Have you ever wondered why the water in some rivers appear to be green? The green tinge you see is due to eutrophication, which means that too many nutrients – specifically nitrogen and phosphorus – are present in the water. This happens because rivers receive these nutrients from various land-based activities, like run-off from agricultural fields and sewage effluents from cities.Too many nutrients cause algae blooms. These algae blooms are not only harmful for fish and other marine life, but are also toxic for people when they eat seafood from these rivers. Moreover, polluted river water is unfit for direct use as drinking water or any of our other daily needs.
To better understand and address these issues, Maryna Strokal worked with colleagues from IIASA, Wageningen University, and China to develop an integrated approach to identify cost-effective solutions (read cheapest) to reduce river pollution and thus coastal eutrophication. Their integrated approach takes into account human activities on land, land use, the economy, the climate, and hydrology. The new approach was implemented for the Yangtze Basin in China.
The Yangtze is the third longest river in the world and exports nutrients from ten sub-basins to the East China Sea, where the coast often experiences severe eutrophication problems that may increase in the coming years. The Chinese government has called for effective actions to ensure clean water for both people and nature.
In our paper on this work, which was recently published in the journal Resources, Conservation, and Recycling, my colleagues and I conclude that reducing more than 80% of nutrient pollution in the Yangtze will cost US$ 1–3 billion in 2050. This cost might seem high, but it is actually far below 10% of the income level in the Yangtze basin. We also identified an opportunity in the negative or zero cost range, which would result in a below 80% reduction in nutrient export by the Yangtze. This negative or zero cost alternative involves options to recycle manure on land and reduce the use of chemical fertilizers (see figure). More recycling means that farmers will buy less chemical fertilizers and potential savings can then compensate for the expenses related to recycling the manure. We also illustrated the costs that would be involved for ten sub-basins to reduce their nutrient export to coastal waters.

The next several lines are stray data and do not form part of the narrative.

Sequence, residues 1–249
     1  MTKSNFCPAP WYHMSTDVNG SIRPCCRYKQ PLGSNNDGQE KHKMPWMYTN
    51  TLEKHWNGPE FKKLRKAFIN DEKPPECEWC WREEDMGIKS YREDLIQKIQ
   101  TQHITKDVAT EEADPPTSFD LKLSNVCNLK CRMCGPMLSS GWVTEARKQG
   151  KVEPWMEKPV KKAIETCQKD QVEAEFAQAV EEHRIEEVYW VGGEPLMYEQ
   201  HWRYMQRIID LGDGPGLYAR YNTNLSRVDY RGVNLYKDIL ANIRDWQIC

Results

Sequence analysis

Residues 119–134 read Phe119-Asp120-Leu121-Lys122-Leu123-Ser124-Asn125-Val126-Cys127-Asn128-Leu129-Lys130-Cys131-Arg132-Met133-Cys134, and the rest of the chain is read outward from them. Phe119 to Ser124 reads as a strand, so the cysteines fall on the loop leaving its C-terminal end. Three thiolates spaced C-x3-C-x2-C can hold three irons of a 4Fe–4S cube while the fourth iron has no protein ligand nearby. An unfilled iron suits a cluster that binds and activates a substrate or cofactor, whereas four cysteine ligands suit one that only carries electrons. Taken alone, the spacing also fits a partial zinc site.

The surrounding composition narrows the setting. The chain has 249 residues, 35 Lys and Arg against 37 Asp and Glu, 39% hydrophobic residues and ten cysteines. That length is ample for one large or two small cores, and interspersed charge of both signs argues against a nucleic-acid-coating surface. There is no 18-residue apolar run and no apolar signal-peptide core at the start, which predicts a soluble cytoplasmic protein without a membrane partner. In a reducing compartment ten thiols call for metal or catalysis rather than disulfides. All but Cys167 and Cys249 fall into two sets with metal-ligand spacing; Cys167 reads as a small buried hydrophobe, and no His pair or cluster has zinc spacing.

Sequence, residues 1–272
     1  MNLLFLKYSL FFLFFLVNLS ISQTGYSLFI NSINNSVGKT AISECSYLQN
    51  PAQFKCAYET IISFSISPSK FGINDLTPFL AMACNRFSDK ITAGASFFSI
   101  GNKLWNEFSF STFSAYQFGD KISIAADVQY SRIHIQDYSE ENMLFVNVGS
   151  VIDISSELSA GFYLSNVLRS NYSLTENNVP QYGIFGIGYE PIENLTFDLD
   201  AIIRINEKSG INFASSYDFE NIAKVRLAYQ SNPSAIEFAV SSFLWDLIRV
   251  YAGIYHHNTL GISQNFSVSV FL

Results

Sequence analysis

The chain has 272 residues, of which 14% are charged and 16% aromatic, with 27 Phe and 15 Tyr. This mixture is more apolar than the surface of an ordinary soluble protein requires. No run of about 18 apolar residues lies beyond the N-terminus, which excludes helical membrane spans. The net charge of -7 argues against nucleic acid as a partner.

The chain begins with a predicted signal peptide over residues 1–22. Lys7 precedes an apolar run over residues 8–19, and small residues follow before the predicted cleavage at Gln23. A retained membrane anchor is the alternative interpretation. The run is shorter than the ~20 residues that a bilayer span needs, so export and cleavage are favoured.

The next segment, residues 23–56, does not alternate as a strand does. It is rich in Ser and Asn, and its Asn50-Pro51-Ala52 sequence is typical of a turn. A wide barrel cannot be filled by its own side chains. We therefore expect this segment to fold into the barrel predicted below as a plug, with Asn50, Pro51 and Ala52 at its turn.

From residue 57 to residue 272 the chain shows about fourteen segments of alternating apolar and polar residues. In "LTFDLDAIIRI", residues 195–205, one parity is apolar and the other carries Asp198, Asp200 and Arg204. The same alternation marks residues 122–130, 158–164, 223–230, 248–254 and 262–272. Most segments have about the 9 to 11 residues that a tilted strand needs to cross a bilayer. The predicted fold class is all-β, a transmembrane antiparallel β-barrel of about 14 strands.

Recycling manure on cropland is an important and cost-effective solution for agriculture in the sub-basins of the Yangtze River (see figure). Manure is rich in the nutrients that crops need, and opting for this alternative instead of chemical fertilizers avoids loss of nutrients to rivers, and thus ultimately to coastal waters. Current practices are however still far from ideal, with manure – and especially liquid manure – often being discharged into water because crop and livestock farms are far away from each other, which makes it practically and economically difficult to transport manure to where it is needed. Another reason is the historical practice of farmers using chemical fertilizers on their crops – it is simply how they are used to doing things. Unfortunately, the amounts of fertilizers that farmers apply are often far above what crops actually need, thus leading to river pollution.
The Chinese government are investing in combining crop and livestock production, in other words, they are creating an agricultural sector where crops are used to feed animals and manure from the animals is in turn used to fertilize crops. Chinese scientists are working with farmers to implement these solutions.
In our paper, we showed that these solutions are not only sustainable, but also cost-effective in terms of avoiding coastal eutrophication. We invite you to read our paper for more details.